Prevention of Condensation in CPAP Tubing

Compliance with positive airway pressure therapy is dependent upon numerous factors related to the patient, clinician, and equipment. In many cases, PAP therapy acceptance can be improved upon based on a combination of behavioral and technological interventions.

Adding heated humidification is one strategy; however, condensation forming in breathing tubes can decrease PAP devices’ effectiveness as an obstructive sleep apnea treatment. It can cause patient discomfort, disrupt sleep, and impair optimal humidity.

How condensation occurs

Condensation or rainout is the phenomenon whereby water vapor generated by the heated humidifier turns into water droplets when the air cools down due to low ambient temperature. As water condensation builds up in the breathing tube, the air reaching the patient is less humidified. Insufficient humidification can result in nasal dryness and congestion. The movement of the water collected in the tube can create a disturbing gurgling noise that may negatively impact sleep quality.

Tube vibrations resulting from water accumulation also may lead to pressure fluctuations within the airflow.

Other efforts

Patients try to minimize rainout with a variety of partial solutions such as raising their bedroom’s temperature. Or they lower the heated humidifier’s setting, which reduces the humidity output and as a result decreases its effectiveness. Others try insulating the tube by putting it under their blankets or using a tubing sleeve or wrap.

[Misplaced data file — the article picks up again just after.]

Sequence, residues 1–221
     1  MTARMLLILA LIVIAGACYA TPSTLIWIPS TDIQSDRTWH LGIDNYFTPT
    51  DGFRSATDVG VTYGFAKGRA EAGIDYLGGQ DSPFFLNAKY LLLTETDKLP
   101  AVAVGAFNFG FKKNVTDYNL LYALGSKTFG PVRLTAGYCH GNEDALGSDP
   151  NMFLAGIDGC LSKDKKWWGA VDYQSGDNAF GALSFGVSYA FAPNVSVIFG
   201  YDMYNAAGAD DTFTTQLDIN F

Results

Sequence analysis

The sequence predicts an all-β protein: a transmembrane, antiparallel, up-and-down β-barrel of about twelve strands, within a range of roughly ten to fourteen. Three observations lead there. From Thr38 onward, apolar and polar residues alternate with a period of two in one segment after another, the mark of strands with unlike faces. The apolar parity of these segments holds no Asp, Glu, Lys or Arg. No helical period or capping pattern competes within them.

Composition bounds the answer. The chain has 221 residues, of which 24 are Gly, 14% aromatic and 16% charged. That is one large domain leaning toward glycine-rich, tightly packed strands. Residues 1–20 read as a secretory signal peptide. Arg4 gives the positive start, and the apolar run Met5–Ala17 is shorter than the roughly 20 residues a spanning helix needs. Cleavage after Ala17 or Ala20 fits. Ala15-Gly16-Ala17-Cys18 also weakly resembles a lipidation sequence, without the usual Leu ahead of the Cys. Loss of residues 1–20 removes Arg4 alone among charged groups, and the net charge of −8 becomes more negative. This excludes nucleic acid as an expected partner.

Manufacturers have addressed problems with condensation by introducing a new generation of PAP systems with heated humidifiers and integrated heated breathing tubes.

However, the majority of patients still have previous models of flow generators and humidifiers.

In these cases, a heated breathing tube is available that is designed to work with any type of humidifier that uses standard
non-heated tubing.

Rainout control

The Hybernite® Rainout Control System is a universal stand-alone heated breathing tubing system that prevents condensation in the tubing.

It consists of a heated breathing tube that connects to a medical grade power supply unit via a plug-and-play connector. Copper wires are carefully positioned and embedded in the wall of the tubing.

These copper wires generate uniform heating along the tube’s entire length, which maintains the air temperature inside and prevents condensation and accumulation of water droplets. Standard conical connectors at each end of the tube allow the system to be fully integrated onto any humidifier and any type of mask that uses a standard tube.

As a result, patients are no longer advised to lower the settings of their humidifier. They have the opportunity to optimize the humidity output to suit their clinical needs and personal comfort. The humidity generated by the humidifier equals humidity delivered to the patient.

Preventing condensation reduces pressure instability, avoids sleep disruption, and provides optimal air humidification.

Rik Langerock is sales and marketing manager for Plastiflex Healthcare, a division of Plastiflex Group.